"You never think it will happen to you."
And so begins what may end up being the most harrowing, graphic and poignant account of what it was like to be trapped inside the Bataclan concert center on Friday night as gunmen slaughtered more than 80 helpless concert-goers in a matter of minutes.
That account was written by Isobel Bowdery, a 22-year-old South African who hid among the dead for over an hour as the nightmare unfolded around her. Her survivor story, recounted in grave detail, has been shared more than 600,000 times as of Sunday afternoon since she posted it on Facebook with a photo of her blood-stained shirt.
"It wasn't just a terrorist attack, it was a massacre," the recent University of Cape Town graduate writes. "Dozens of people were shot right in front of me. Pools of blood filled the floor. Cries of grown men who held their girlfriends dead bodies pierced the small music venue. Futures demolished, families heartbroken. in an instant. Shocked and alone, I pretended to be dead for over an hour, lying among people who could see their loved ones motionless."
In a mere 15 minutes, the Bataclan, — a prized Parisian institution that has hosted luminaries like Edith Piaf, Nick Cave and Lou Reed over the years — was turned into a slaughterhouse, witnesses said.
Until gunfire erupted, as Bowdery points out, the night offered no hints of what was to come. The American rock band Eagles of Death Metal had been onstage for an hour when the gunmen emerged from behind the crowd. Muffled by the loud music and the excited crowd, the initial cracks of gunfire either went unnoticed or were misinterpreted.
"The atmosphere was so happy and everyone was dancing and smiling," Bowdery writes, "and then when the men came through the front entrance and began the shooting, we [naively] believed it was all part of the show."
Bowdery describes holding her breath, trying to remain motionless and avoid crying so that she didn't give "those men the fear they longed to see." She describes the gunmen circling the crowd "like vultures," an image that will haunt her the rest of her life, she writes.
"The way they [meticulously] aimed at shot people around the standing area i was in the centre of without any consideration for human life," she writes. "It didn't feel real. i expected any moment for someone to say it was just a nightmare."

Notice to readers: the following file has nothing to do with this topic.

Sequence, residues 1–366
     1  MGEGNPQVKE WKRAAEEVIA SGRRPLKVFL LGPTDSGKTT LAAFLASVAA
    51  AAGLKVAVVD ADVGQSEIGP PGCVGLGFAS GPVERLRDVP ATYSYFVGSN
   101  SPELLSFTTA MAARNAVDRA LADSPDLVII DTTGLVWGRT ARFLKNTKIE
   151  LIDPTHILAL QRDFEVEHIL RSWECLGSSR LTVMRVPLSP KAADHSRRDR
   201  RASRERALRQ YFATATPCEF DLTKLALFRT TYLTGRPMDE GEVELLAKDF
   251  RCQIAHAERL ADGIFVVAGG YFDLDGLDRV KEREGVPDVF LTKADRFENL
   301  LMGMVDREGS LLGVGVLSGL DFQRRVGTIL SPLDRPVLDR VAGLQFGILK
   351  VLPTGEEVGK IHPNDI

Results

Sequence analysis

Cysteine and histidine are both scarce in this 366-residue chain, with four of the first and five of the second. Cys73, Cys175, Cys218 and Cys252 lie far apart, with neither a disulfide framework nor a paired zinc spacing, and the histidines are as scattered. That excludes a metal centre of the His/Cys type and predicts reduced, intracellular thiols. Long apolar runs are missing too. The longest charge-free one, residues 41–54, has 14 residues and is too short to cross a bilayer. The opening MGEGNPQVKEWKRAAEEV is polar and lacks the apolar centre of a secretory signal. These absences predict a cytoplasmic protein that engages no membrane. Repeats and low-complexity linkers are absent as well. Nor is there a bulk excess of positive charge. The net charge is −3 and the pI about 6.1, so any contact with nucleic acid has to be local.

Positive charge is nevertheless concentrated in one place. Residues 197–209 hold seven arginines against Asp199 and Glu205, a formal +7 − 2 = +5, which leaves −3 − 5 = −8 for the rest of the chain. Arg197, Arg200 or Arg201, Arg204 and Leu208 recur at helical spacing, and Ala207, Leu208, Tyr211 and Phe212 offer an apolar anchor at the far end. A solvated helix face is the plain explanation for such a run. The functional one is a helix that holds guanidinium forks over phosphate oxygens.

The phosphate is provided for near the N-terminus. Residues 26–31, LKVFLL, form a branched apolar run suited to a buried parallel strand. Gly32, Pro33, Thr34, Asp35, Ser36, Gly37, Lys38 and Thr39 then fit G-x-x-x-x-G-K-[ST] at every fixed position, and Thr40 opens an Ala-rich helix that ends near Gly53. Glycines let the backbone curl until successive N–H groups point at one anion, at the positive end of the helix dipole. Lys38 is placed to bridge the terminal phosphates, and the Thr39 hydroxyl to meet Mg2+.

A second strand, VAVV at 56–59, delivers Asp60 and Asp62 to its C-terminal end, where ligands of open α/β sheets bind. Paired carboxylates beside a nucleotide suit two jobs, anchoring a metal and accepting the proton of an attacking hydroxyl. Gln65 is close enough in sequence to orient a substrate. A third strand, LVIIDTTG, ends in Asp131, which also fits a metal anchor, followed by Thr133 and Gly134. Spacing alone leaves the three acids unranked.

Bowdery's writing emphasizes the senselessness of the violence, which claimed so many lives around her even as she managed to survive. But being a survivor, she points out, allows her to "shed light on the heroes."
"To the man who reassured me and put his life on line to try and cover my brain whilst i whimpered, to the couple whose last words of love kept me believing the good in the world, to the police who [succeeded] in rescuing hundreds of people, to the complete strangers who picked me up from the road and consoled me during the 45 minutes I truly believed the boy i loved was dead, to the injured man who i had mistaken for him and then on my recognition that he was not Amaury, held me and told me everything was going to be fine despite being all alone and scared himself, to the woman who opened her doors to the survivors, to the friend who offered me shelter and went out to buy new clothes so i wouldnt have to wear this blood stained top, to all of you who have sent caring messages of support — you make me believe this world has the potential to be better. to never let this happen again."
Lamenting the loss of so many innocent people, Bowdery adds that she "feels privileged" to have been present for their last breaths. Believing that her own life was about to be extinguished at the time, she assures her readers that the victims' last thoughts were not about "the animals who caused all this" but about the people they loved. She goes on to cite her own experience as an example:
"As i lay down in the blood of strangers and waiting for my bullet to end my mere 22 years, I envisioned every face that I have ever loved and whispered I love you, over and over again. reflecting on the highlights of my life. Wishing that those i love knew just how much, wishing that they knew that no matter what happened to me, to keep [believing] in the good in people. to not let those men win."
Bowdery's post has generated hundreds of comments from Facebook users who were moved by her writing.
"Beautiful words and thoughts," Facebook user Malindi Bryce wrote. "Your pain is mine and all of ours,"